Prioritizing Valuable People In Your Day / Life

I will freely confess: One of my biggest pet peeves is when I go out of my way to help someone or do something in an effort to brighten someone’s day… and they sound aggravated that I had the audacity to interrupt whatever it was they were doing or whatever was going on at that moment.  As this just happened to me the other day – I made a phone call to someone whom I thought needed a friendly voice to improve their morning.  They were at work and when they answered the phone the tone of their voice was quite agitated.  I thought that it might have been because they didn’t recognize my voice (yes, I was/am arrogant enough to think they’d be happy to hear from me, especially if I was calling to cheer them up a bit) but even when I was sure they knew who they were talking to, they still sounded like I was an unwelcome and unappreciated interruption to their work day.

The challenges that created in my mind were twofold:

First, I felt like my attempt to brighten their day had actually backfired and made their morning worse, and

Second, I felt like I must have been REALLY wrong about how they felt about me.  I felt like, if hearing my voice was actually worse than what was already going on at their work (which they had been complaining about), then I must really be a sore spot in their day / life.

After I considered both for a moment I entered the circle of wonderment and resentment.  I found it difficult to believe that they’d actually meant for me to feel like I was THAT unappreciated or THAT much of an inconvenience.  But they DID make me feel that way rather than being appreciative of my thoughtfulness and phone call, and I resented them for making me feel so lousy.

In contemplating all of this I came to the realization that this experience, while feeling totally and personal and unique to me… probably isn’t.  I can’t be the only guy (or girl) who feels unappreciated at times after going out of my way to try to improve someone’s day.  Further, I can’t be the only person who experiences it with someone relatively important in my life and day (think spouse, adult child, best friend, close workmate, etc).

While debating the various viewpoints of this between my ears, I came to several conclusions:

1)    That we who reach out and try to do these nice things are acting as “Good Samaritans” and therefore shouldn’t be punished for our efforts, even if our timing is somehow off.

2)    That we Good Samaritans certainly shouldn’t be made to feel like we’ve done something wrong when we’ve obviously made a strong effort to do something right and NICE for someone.

3)    That after the fact – after we’ve made our attempt to do something nice for someone to brighten their day and they’ve turned it around on us and, perhaps unintentionally, made us feel bad for having done so – that person we tried to do something for SHOULD realize that they acted in a less than appreciative manner and either apologize or thank us for our effort or (best yet) BOTH.

My next conundrum was this: If that person you tried to cheer up, and who means something to you in your day / life, fails to ever acknowledge your attempt to do something nice for them, and further fails to ever apologize for having acted so unkind to you in responsive to your nice gesture, what do you do next?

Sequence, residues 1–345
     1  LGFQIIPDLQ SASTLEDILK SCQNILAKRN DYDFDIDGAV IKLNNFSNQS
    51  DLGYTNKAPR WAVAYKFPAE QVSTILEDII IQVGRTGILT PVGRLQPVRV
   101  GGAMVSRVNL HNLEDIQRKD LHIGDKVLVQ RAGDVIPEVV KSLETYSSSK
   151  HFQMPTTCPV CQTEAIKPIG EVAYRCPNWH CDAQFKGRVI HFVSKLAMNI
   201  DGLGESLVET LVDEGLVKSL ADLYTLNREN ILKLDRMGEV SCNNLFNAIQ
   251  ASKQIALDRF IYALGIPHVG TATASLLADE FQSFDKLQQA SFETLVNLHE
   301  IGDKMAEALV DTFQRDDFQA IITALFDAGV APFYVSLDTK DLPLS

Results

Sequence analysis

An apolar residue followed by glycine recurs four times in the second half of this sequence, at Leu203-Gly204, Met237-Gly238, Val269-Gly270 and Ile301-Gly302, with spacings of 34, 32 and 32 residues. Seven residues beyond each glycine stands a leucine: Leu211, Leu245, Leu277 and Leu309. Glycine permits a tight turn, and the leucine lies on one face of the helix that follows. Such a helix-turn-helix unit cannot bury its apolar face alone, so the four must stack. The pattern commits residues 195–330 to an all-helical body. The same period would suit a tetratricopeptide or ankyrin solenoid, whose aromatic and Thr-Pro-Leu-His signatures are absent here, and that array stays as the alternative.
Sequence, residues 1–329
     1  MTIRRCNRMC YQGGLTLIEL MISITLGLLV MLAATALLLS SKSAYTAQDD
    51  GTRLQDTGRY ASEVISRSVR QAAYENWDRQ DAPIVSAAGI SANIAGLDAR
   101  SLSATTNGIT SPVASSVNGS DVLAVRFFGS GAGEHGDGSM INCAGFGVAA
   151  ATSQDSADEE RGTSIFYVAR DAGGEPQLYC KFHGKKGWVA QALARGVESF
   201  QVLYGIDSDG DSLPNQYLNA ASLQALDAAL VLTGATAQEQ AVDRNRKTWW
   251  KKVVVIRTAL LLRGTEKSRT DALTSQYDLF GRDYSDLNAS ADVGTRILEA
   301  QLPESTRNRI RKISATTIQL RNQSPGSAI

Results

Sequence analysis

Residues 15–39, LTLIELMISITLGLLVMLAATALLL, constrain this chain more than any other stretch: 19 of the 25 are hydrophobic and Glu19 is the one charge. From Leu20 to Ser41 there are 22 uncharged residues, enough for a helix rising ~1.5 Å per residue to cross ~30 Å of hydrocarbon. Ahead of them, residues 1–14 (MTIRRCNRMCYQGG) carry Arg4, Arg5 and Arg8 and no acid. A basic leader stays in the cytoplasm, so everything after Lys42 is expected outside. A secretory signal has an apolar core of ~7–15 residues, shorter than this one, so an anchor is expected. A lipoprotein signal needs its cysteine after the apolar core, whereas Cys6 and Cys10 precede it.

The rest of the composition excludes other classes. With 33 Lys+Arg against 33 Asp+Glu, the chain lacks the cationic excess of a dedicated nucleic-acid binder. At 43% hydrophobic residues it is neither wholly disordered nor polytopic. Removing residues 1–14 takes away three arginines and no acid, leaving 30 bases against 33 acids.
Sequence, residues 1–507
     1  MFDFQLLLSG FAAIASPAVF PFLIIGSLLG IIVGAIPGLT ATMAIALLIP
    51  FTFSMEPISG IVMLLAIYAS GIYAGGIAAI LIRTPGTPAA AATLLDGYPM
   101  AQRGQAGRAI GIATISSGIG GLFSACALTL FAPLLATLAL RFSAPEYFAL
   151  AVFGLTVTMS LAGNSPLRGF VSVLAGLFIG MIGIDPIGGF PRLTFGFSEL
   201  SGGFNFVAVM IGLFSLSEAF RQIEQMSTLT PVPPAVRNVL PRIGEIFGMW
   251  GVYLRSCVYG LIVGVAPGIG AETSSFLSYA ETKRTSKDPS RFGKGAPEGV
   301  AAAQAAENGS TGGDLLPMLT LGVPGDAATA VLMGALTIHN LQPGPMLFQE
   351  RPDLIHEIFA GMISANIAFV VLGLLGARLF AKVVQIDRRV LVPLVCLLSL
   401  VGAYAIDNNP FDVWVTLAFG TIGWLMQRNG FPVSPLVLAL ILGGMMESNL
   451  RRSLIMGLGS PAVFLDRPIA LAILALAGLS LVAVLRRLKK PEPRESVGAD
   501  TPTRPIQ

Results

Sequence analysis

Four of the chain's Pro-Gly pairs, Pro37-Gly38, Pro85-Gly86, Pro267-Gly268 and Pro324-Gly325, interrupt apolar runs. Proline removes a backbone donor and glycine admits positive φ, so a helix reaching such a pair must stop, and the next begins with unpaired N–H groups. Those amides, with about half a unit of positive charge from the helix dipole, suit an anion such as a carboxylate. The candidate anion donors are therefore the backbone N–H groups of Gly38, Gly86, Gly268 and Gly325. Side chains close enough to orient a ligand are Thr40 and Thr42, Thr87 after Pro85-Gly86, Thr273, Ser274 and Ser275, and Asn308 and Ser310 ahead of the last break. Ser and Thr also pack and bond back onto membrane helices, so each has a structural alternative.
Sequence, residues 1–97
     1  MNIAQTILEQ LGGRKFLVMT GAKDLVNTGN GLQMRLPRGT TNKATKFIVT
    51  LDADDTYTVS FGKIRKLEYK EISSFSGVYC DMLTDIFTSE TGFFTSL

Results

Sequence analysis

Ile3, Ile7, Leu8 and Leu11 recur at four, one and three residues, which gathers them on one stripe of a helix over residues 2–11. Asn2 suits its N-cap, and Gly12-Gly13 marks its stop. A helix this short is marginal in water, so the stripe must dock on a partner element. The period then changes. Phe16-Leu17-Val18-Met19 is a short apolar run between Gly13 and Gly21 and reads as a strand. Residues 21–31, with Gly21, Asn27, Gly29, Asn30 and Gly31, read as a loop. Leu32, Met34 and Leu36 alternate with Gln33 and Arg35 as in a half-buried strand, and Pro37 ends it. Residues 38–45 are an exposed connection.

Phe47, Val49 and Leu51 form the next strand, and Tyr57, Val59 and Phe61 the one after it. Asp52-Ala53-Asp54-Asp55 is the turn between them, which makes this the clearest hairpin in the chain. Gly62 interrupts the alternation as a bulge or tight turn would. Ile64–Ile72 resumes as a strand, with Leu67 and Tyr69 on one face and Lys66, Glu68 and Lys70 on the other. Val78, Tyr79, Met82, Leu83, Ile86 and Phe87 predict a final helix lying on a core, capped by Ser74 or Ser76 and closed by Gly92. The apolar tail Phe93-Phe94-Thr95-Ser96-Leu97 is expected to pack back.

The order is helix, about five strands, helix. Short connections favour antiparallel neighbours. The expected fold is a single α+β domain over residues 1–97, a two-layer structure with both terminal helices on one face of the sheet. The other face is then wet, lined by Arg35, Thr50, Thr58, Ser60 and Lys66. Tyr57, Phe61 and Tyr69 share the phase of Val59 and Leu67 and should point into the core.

I know couples who have gotten divorced because situations like these, compounded over time, led to one spouse feeling that the relationship was too one-sided and that they needed to escape what was, at best, a neglectful relationship and, at worst, an abusive one (because sometimes, sadly, this type of scenario is just one symptom of a larger relational issue). It’s a shame to see a relationship ever fall apart that completely simply because of two things:

1)    Lack of appreciation, and

2)    Lack of communication.

Folks, it really is this easy: If someone who cares about you does something nice for you, even if the timing is bad or ill-conceived, take the necessary 15 seconds out of your day to say, “Wow, thanks! That was really nice of you!”  Heck, it didn’t even take me 15 seconds to type that. It would probably take even less to say.  Take those precious few seconds to appreciate the thought and action on the part of that person who demonstrates concern for your happiness and communicate that appreciation, even if it has to be done quickly.

But what if the timing is bad? What if I really DON’T appreciate their effort?  Then make the time to talk to that person and explain WHY.  Don’t just leave them feeling like they tried to do something nice and you simply didn’t appreciate it, or worse, were aggravated by it.  Do them the courtesy of talking to them and letting them know what it was about their effort that turned it into something more aggravating than appreciated.

Note that f you read the last three paragraphs, you saw “communication” mentioned several times.  Whether you appreciate that person’s efforts or not; whether their timing is good or bad; whether you take a little time or a lot of time to mention it or discuss it, COMMUNICATION is vital.  Without it, then people are just left trying to guess what they’ve done right or wrong and the conclusions they come to may be right or wrong and their follow on actions may, therefore, be right or wrong.  How about removing the confusion by simply TALKING  about it?

 

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